Flow Yoga Studios

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Pricing & Program Info

What is Yoga?

Yoga is the practice of linking physical poses or postures (asanas) with your breath and awareness. By bringing these three elements together, you reduce stress, you feel more vital, and you gain real physical strength and flexibility.

The term yoga is derived from the Sanskrit word yuj, meaning to yoke or bind and is often interpreted as union. Yoga can be as simple as a set of postures you practice while breathing and being present in the moment, resulting in improved physical fitness and reduced stress. For those wanting to dive deeper, yoga can also be an expansive set of teachings about how to live a life of purpose, joy and integrity.

I’m not flexible – can I do yoga?

Absolutely! In fact, you are the perfect candidate for yoga. Yoga will help you gain more flexibility, which loosens tight muscles and prevents injury. Flow Yoga offers yoga classes for beginners to ensure that you start off with the right foundation to help you develop the flexibility and strength!

What should I bring?

Water, a yoga mat and a smile! We have mat rentals available at the studio for $1.00. We also have filtered water so you can just bring a water container to fill up before class. Please allow time to find parking and check in. If you are new, you’ll need to register at the front desk and our friendly staff will help you get settled.

What clothing should I wear?

Wear comfortable clothing that is stretchy to your yoga classes. But, we ask that you please don’t wear any scent, so please avoid coming to class with any strong scents (good or bad!).

Should I eat before coming to class?

Going to a yoga class on a full stomach is not fun, yet doing yoga when you’re starving isn’t a good idea either. We recommend eating a light snack one hour before class or a meal 2-3 hours before your yoga class. This way your body is fueled, but not focused on digestion.

Should I let the teacher know about physical issues?

If you are new to Flow Yoga Studio or new to yoga, it’s important to let the teacher know about your restrictions. This way, our yoga instructors can offer the individual support that you might need throughout the class. Although the teacher will provide you with educated options throughout the class, you are the one who makes the final call. If something hurts or just doesn’t feel right, don’t do it. You’ve heard the old adage. The teacher will not be offended or take it personally, we are all here to help you. Ask any teacher before or after class if you need more information.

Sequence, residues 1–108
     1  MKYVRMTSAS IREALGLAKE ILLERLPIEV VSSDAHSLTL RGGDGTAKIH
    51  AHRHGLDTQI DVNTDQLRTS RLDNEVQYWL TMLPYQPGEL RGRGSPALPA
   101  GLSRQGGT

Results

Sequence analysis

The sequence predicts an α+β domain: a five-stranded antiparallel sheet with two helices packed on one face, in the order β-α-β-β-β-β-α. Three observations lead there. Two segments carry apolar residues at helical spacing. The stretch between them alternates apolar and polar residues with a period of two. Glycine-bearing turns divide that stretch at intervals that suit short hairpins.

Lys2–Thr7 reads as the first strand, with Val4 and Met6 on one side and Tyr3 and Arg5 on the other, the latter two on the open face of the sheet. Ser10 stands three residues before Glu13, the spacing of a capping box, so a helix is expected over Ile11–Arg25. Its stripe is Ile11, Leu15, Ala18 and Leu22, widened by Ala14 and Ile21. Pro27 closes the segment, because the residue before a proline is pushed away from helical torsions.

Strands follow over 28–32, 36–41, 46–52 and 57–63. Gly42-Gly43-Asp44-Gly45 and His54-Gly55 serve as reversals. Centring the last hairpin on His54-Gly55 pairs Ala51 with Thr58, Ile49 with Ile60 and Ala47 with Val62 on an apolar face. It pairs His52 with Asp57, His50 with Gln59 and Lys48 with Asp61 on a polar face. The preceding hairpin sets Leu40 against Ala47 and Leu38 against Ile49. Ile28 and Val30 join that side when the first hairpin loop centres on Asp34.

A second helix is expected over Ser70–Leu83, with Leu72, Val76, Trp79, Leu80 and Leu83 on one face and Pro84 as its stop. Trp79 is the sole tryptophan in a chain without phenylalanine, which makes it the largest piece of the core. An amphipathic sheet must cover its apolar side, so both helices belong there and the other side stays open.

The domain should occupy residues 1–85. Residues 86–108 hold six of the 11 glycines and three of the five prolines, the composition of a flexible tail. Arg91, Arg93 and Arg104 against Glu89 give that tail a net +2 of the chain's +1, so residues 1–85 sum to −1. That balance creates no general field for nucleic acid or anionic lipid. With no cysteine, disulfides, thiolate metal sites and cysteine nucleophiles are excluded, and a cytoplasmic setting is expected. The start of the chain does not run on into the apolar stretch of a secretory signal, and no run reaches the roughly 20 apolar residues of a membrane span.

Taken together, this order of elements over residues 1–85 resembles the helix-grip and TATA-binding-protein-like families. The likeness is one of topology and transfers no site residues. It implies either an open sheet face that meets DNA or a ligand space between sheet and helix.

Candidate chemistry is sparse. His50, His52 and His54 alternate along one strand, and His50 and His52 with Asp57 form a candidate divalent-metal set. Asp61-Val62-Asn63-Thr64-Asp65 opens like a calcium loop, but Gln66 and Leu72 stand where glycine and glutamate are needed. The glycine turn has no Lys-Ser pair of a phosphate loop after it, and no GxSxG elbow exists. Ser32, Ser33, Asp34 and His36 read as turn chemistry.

What should I expect during class?

During your yoga class, the teacher will lead the class through a sequence of asana (poses), with well thought out alignment directions or cues. They will also offer breathing directions as well as moments of silence or pause. The yoga instructor may or may not play music during class. Some teachers are more conversational in their style of teaching, offering moments of questions and answers weaved into the class; other teachers are more formal and will assist students individually while they walk through the yoga floor during class.

The Flow Yoga Foundations and Level 1 classes will be slower paced and more educational, focusing on correct posture, alignment, muscle action and movement. However, some of our more advanced classes will also be very slow and methodical focusing on a few specific poses, while others will flow and move through poses with less emphasis on each pose, fluidly moving like a dance. Our classes vary depending on focus, cadence and pace. Each individual teacher has their own style, so classes can differ from teacher to teacher.

What should I expect at the end of class?

The last pose of the class is a resting/restorative pose. The yoga instructor will ask the class to lie on the mat and relax for the last 5-10 minutes of class. This pose is all about comfort and rest, so if lying on your back is not comfortable for you, please let the teacher know; they will provide suggestions for modifications. After the last pose, it’s traditional for the teacher to say “Namaste” and for the class to repeat it back to the teacher. Some teachers will lead the class in an Om. The word Namaste is translated as “I bow to you” and the sound of Om is the sound of the universal vibration all around us. These two practices are meant to signify interconnectedness and unity.

Tracy: (209) 830-0405
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